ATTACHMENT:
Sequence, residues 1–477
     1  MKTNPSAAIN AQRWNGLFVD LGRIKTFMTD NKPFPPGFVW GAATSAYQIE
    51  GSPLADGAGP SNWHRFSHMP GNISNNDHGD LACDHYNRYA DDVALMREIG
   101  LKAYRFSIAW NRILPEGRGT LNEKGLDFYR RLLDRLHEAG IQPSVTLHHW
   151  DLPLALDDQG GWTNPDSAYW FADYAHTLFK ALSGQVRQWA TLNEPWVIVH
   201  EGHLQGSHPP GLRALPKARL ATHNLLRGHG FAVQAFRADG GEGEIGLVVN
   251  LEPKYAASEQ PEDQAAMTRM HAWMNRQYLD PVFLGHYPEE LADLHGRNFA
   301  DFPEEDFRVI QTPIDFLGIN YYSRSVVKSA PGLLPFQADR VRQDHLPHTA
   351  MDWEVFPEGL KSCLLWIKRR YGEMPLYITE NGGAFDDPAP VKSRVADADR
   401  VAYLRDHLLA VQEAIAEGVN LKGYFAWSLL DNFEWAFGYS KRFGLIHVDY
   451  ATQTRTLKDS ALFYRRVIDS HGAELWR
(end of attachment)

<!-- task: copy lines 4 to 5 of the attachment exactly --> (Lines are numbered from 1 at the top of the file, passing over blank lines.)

   101  LKAYRFSIAW NRILPEGRGT LNEKGLDFYR RLLDRLHEAG IQPSVTLHHW
   151  DLPLALDDQG GWTNPDSAYW FADYAHTLFK ALSGQVRQWA TLNEPWVIVH